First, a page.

Specification of the Unified User-Level Protocol
RFC 666

Document Type RFC - Unknown (November 1974; No errata)
Last updated 2013-03-02
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Network Working Group                                       M. Padlipsky
Request for Comment: 666                                26 November 1974
NIC: 31396

            Specification of the Unified User-Level Protocol

   After many discussions of my RFC 451, I discovered that the "Unified
   User-Level Protocol" proposed therein had evolved into what had
   always been its underlying motivation, a common command language.
   There are several reasons why this latter approach satisfies the
   original goals of the UULP and goes beyond them into even more useful
   areas:

   1. User convenience.  As evidenced by the good response to the common
   editor "neted", the Network Working Group has come to acknowledge the
   fact that the convenience of non-system programmer users of the
   Network must be served.  Allowing users to invoke the same generic
   functions -- including "batch" jobs -- irrespective of which Server
   Host they happen to be using is surely a compelling initial
   justification for a common command language.  Note that the concern
   with generic functions -- which "all" Servers do, one way or another
   -- is intended to emphasize the common command subset aspects of the
   language, rather than the "linguistic" elegance of it all.  The
   attempt is to specify an easy way of getting many things done, not a
   complicated way of getting "everything" done.

   2. "Resource sharing".  Another area which is receiving attention in
   the NWG of late is that of "automatic" or program-driven invocation
   of resources on foreign systems.  A common intermediate
   representation of some sort is clearly necessary to perform such
   functions if we are to avoid the old "n by m problem" of the Telnet
   Protocol -- in this case, n Hosts would otherwise have to keep track
   of m command languages.  For the common intermediate representation
   to be human-usable seems to kill two birds with one stone, as
   expanded upon in the next point.

   3. Economy of mechanism.  In RFC 451, I advanced the claim that a
   single user-level protocol which connected via socket 1 and Telnet
   would offer economy of mechanism in that new responders would not be
   required to service Initial Connection Protocols on socket after
   socket as protocol after protocol evolved.  This consideration still
   applies, but an even greater economy is visible when we consider the
   context of resource sharing.  For if the common command language is
   designed for direct employment by users, as the present proposal is,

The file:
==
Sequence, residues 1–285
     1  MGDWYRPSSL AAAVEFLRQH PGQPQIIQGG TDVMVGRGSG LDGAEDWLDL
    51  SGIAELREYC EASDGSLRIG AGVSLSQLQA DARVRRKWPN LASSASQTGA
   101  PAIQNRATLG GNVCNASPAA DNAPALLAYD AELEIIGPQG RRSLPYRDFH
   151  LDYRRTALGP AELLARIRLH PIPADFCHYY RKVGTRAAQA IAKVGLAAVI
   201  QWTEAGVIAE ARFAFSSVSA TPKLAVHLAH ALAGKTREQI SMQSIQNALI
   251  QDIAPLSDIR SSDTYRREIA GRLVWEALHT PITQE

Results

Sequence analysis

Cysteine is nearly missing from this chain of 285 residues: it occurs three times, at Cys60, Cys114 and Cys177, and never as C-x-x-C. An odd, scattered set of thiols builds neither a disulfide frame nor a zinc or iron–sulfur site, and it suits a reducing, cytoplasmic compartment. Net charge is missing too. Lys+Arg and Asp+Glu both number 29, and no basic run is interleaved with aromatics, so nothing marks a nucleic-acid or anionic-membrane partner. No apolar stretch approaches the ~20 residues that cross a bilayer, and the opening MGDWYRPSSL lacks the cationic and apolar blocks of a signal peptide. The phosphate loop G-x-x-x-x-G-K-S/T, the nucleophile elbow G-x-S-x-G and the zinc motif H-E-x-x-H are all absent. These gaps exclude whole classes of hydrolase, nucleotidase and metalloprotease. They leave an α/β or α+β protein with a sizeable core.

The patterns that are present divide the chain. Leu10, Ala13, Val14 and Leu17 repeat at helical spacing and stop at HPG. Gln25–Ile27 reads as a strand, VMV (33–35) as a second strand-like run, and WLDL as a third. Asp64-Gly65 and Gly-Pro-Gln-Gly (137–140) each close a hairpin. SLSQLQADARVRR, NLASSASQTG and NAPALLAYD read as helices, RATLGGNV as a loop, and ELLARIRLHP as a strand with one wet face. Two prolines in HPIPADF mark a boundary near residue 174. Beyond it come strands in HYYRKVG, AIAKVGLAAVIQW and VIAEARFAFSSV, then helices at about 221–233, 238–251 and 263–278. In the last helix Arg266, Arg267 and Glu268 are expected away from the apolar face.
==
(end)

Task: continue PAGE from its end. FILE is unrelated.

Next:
there is no need for users on terminal support "mini-Hosts" (e.g.,
   ANTS and TIPs) to require an intermediary server when all they
   actually want is to work on a particular Server in the common

Padlipsky                                                       [Page 1]
RFC 666               Unified User-Level Protocol          November 1974

   language.  (This is especially true in light of the fact that many
   such users are not professional programmers -- and are familiar with
   no command language.)  That is, if resource sharing is achieved by an
   intermediate language which is only suitable for programs, you would
   have to learn the native command language of Server B if you didn't
   want to incur the expense of using Server A only to get at generic
   functions on Server B.  (And you might still have to learn the native
   language of Server A, even if the expense of using two Servers where
   one would do isn't a factor.)

   4. Front-ending.  Another benefit of the common command language
   proposed here is that it is by and large intended to lend itself to
   implementation by front-ending onto existing commands.  Thus, the
   unpleasant necessity of throwing out existing implementations is
   minimized.  Indeed, the approach taken is a conscious effort to come
   up with a common command language by addition to "native" command
   languages rather than by replacement, for the compelling reason that
   it would be unworkable as well as ill-advised to attempt to legislate
   the richness represented by existing command languages out of
   existence.  Further, as it is a closed environment, no naming
   conflicts with native commands would arise.

   5. Accounting and authentication.  As evidenced by the spate of RFCs
   about the implications of the FTP in regard to both accounting for
   use of Network services and authenticating users' identifications
   (Bressler's RFC 487, Pogran's RFC 501, and my RFC 505 -- and even
   491), this area is still up in the air.  The generic login command
   proposed here should help matters, as it allows the Server to
   associate an appropriate process with the connection while actuating
   appropriate accounting and access control as well, if it chooses.

   6. Process-process functions.  By enabling the invocation of foreign
   object programs, the present proposal offers a rubric in which such
   process-to-process functions as "parallelism" can be performed.  (See
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